12/07/2005: Damn you, Pete....
Over at A Perfectly Cromulent Blog, Pete Vonder Haar mentioned his nearly emasculating experience with the latest hit by the Black Eyed Peas, "My Humps".
I've had reason to mention the Peas in this space before. Basically, the Black Eyed Peas have, for some reason come to be what I call "a bear", after the schtick by Lewis Black:
It's like if a friend of yours tells you there's a bear wandering around, shitting all over town. You say, "Nah, can't be," but the next day there's the bear, following you around...For some reason, whenever I see/hear a reference to the Peas, then for the next month or so I'm seeing and hearing them everywhere.
And it appears that Pete, by his mention of the Peas, has just started another cycle.
At least this time the first references to the Peas after Pete's have been entertaining. Over at Slate, Hua Hsu has posted an analysis of "My Humps" that I find interesting:
"Taste has no system and no proofs"—this much we know. But some 40 years after the critic Susan Sontag made this and other observations on the good, the bad, and the in-between, the times have a-changed: Irony and camp have recast taste as an ethical shell game and we feel no guilt celebrating things that are, in the parlance of VH1, Awesomely Bad. But are there still songs that qualify as "bad"? Consider the Los Angeles hip-hop quartet the Black Eyed Peas. Their current single, "My Humps," is one of the most popular hit singles in history. It is also proof that a song can be so bad as to veer toward evil.And speaking of the parody videos, check out this masterpiece by a guy with three toy robots, a buttload of D-cells, a video camera, video editing software, and way too much time on his hands.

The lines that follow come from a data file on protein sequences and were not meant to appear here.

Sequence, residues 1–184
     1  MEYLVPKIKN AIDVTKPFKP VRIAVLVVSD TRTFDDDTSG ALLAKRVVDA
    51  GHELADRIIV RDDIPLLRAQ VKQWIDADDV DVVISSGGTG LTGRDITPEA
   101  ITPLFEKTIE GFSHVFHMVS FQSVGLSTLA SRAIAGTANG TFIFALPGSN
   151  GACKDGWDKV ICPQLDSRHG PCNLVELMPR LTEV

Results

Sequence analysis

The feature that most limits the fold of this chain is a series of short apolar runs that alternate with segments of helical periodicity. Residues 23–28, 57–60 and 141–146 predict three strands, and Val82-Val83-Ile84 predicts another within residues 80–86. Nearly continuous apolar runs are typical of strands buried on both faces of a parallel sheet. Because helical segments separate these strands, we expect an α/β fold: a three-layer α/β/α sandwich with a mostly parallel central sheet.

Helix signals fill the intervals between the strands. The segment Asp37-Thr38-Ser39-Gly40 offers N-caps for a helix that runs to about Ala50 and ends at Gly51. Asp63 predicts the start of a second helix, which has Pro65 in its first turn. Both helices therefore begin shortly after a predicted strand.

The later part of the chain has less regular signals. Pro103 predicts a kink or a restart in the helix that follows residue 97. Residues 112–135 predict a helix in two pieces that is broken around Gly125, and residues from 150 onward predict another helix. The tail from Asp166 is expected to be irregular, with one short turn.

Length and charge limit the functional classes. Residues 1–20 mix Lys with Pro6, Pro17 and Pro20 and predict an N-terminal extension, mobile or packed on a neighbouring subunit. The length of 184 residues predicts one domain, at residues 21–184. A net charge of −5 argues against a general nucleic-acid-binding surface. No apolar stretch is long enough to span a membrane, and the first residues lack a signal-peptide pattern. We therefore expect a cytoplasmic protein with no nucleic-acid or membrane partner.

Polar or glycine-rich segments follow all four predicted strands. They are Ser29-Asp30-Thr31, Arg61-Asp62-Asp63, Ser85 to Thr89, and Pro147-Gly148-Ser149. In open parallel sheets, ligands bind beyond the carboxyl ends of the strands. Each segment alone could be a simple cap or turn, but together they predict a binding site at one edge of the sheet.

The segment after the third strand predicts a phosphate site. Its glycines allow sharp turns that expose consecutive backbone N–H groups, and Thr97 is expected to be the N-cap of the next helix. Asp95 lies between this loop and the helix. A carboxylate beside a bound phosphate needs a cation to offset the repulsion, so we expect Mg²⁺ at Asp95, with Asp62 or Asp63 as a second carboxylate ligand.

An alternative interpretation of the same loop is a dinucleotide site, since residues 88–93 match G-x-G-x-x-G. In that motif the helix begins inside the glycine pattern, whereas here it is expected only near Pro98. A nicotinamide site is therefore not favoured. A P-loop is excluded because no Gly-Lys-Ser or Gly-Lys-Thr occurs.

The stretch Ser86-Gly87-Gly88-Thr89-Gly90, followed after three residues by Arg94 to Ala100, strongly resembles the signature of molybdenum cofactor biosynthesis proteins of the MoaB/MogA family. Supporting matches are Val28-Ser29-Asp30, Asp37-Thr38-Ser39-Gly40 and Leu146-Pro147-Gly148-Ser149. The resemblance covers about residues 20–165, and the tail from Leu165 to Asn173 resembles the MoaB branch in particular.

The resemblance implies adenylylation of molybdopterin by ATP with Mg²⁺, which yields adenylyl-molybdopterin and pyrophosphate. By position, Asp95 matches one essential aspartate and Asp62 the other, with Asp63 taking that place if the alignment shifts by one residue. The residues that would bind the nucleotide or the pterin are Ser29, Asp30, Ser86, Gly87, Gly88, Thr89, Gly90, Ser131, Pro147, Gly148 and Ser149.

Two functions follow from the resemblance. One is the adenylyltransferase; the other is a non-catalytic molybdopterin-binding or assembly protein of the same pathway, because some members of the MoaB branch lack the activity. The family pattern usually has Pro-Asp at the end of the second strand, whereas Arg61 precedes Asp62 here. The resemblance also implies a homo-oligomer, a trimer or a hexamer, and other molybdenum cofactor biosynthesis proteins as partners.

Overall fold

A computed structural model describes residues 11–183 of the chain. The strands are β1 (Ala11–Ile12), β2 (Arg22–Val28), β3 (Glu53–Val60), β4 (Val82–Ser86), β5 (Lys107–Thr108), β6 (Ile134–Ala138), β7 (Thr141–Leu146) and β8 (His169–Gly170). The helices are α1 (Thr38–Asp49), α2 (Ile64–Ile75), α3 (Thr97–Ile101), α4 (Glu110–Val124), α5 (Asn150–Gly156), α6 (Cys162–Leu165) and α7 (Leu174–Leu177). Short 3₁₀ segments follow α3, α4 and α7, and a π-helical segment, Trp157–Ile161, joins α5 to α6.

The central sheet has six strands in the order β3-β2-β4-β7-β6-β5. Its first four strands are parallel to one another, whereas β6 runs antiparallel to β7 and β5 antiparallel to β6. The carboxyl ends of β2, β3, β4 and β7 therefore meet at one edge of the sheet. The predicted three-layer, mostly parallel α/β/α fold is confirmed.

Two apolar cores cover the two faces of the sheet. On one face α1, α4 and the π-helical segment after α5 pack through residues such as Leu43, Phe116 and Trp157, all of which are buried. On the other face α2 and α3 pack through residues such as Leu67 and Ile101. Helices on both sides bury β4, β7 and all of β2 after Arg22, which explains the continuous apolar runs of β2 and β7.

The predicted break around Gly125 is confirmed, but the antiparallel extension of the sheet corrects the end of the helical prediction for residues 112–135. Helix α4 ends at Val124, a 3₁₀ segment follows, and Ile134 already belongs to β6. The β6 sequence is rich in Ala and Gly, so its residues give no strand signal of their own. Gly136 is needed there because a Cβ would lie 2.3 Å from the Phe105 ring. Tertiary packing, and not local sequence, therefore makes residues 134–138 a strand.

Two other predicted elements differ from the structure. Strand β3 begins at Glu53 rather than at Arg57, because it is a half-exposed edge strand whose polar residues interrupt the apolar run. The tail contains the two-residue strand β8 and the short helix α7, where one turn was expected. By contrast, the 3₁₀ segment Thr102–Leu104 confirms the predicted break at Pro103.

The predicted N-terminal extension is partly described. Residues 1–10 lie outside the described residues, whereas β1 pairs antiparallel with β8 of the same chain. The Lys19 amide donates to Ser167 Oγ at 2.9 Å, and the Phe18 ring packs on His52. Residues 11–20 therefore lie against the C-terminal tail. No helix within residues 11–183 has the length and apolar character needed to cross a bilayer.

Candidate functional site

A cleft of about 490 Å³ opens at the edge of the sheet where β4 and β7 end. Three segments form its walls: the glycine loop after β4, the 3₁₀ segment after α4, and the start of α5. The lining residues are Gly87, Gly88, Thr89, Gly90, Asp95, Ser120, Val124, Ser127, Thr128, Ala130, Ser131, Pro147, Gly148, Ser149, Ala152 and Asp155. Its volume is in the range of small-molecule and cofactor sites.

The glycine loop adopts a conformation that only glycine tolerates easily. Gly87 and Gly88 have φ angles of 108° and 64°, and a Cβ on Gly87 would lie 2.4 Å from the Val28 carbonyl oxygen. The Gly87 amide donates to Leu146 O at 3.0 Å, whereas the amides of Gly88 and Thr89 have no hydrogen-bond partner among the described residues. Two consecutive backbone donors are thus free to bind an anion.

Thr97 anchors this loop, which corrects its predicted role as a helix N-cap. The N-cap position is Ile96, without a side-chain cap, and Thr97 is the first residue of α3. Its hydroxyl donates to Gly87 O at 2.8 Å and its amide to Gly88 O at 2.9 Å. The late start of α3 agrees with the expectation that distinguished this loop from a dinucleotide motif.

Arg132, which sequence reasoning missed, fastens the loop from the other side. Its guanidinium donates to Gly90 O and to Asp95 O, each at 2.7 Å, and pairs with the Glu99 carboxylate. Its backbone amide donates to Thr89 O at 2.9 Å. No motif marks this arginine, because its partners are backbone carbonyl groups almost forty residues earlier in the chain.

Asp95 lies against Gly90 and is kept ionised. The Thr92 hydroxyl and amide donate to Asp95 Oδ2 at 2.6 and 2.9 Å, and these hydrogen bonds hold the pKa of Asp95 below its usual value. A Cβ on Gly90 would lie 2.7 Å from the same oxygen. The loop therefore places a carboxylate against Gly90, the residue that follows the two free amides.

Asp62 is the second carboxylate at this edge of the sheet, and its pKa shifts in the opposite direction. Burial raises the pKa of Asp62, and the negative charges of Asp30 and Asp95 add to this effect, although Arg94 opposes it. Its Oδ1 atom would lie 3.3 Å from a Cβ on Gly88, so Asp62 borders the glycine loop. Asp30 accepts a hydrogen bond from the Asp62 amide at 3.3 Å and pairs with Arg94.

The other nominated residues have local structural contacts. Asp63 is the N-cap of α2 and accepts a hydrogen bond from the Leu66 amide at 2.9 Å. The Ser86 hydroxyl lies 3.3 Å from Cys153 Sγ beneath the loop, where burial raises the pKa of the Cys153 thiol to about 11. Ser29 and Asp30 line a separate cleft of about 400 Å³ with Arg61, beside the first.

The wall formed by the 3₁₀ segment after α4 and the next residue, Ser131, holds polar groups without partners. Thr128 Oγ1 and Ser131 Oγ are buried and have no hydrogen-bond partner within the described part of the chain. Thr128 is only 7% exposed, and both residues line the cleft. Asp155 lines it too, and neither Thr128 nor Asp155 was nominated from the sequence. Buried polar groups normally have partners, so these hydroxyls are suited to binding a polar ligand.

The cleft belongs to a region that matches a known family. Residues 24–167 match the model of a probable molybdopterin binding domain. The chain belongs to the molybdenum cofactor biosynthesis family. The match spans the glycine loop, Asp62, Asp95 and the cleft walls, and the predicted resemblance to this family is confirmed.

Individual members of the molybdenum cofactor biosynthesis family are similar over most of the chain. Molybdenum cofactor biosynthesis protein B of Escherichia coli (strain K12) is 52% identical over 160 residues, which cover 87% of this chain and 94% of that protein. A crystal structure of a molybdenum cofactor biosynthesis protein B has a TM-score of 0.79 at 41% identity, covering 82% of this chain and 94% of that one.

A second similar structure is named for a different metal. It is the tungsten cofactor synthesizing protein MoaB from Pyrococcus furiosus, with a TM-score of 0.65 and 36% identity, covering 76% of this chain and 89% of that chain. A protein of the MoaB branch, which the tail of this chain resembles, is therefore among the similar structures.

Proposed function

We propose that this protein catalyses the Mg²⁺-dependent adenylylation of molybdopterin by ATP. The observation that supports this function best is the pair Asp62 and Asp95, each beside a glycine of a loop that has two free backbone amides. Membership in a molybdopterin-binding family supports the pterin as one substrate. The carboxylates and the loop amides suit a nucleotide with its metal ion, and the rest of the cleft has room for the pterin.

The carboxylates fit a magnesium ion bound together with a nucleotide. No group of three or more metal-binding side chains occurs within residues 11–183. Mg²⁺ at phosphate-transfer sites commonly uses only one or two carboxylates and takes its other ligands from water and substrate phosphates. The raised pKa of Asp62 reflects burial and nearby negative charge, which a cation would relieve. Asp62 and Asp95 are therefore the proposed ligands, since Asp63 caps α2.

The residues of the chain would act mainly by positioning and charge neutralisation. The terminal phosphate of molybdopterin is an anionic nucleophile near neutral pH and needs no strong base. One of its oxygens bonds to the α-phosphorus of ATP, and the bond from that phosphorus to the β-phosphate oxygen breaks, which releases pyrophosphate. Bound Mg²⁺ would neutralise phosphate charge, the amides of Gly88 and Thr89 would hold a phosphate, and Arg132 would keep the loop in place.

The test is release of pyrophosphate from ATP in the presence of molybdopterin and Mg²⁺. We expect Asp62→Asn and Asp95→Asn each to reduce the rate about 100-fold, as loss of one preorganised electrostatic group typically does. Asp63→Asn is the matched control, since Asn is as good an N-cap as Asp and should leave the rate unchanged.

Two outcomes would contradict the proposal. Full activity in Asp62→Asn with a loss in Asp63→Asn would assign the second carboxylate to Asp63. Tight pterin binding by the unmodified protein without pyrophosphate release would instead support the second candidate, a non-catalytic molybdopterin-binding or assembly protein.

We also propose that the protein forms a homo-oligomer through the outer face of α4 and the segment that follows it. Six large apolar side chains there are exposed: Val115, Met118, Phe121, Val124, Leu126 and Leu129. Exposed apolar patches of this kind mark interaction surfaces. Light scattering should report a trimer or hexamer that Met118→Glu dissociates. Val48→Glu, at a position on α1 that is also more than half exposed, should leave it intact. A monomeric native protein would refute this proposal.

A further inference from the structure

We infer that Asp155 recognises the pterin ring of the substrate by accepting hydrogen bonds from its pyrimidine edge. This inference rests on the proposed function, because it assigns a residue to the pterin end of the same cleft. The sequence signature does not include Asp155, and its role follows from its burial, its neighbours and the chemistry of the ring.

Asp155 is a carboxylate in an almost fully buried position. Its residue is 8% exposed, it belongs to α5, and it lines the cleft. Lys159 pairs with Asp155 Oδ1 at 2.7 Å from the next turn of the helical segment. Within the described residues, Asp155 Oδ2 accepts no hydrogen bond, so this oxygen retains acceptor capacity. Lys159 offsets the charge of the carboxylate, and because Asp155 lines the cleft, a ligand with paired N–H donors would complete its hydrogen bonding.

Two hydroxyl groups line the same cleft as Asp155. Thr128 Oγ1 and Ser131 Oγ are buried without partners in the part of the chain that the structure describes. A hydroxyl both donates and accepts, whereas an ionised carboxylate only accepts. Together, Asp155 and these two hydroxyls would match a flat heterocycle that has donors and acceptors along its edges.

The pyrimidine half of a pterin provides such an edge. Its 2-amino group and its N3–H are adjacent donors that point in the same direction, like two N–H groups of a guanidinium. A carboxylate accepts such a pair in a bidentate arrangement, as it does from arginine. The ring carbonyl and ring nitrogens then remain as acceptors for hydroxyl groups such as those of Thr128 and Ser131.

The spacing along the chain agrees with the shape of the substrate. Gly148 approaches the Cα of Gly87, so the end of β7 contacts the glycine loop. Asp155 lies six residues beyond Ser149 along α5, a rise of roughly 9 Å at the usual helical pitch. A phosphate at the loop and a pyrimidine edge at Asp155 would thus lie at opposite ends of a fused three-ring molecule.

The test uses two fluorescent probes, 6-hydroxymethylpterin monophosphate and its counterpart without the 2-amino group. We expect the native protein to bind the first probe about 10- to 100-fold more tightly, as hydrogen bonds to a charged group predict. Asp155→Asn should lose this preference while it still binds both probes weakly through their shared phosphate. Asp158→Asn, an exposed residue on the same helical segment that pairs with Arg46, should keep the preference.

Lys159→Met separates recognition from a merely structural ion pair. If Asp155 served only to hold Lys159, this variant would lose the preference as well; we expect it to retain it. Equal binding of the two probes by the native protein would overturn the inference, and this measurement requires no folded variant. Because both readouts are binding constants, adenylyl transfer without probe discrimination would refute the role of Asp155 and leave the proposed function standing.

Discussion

This is what makes "My Humps" such an inscrutable pop moment. It's not Awesomely Bad; it's Horrifically Bad. The Peas receive no bonus points for a noble missing-of-the-mark or misguided ambition (some of the offended have responded with parody videos and snickering anecdotes about how the group uses Hitler-approved microphones). "My Humps" is a moment that reminds us that categories such as "good" and "bad" still matter. Relativism be damned! There are bad songs that offend our sensibilities but can still be enjoyed, and then there are the songs that are just really bad—transcendentally bad, objectively bad.
As a piece of music, "My Humps" is a stunning assemblage of awful ideas. The song's playful pogo and coke-thin, ring-tone synth line interpolate Sexual Harassment's 1982 left-field electro hit, "I Need A Freak". But where the original trafficked in something icky, sinister, and darkly sexual, the Peas' call-and-response courtship fails to titillate—in fact, it's enough to convince one to never, ever ogle again.
If "My Humps" is the start of another bear cycle, I can only hope the amusement factor continues to remain high. However, if a search of Google video is any indication, that's a forlorn hope. Seems that there's a small but devoted cult of mostly teenaged girls that are producing their own "My Humps" videos and then posting them on the web. Most of them appear to fall into the "silly teen girls making fools of themselves dancing" genre, though there are more "lip-synching heads" videos out there than I'd like to admit (I'll give this one an honorable mention, though, since the girl on the left resembles my own daughter so closely that I did a double take at first).
Len on 12.07.05 @ 06:45 AM CST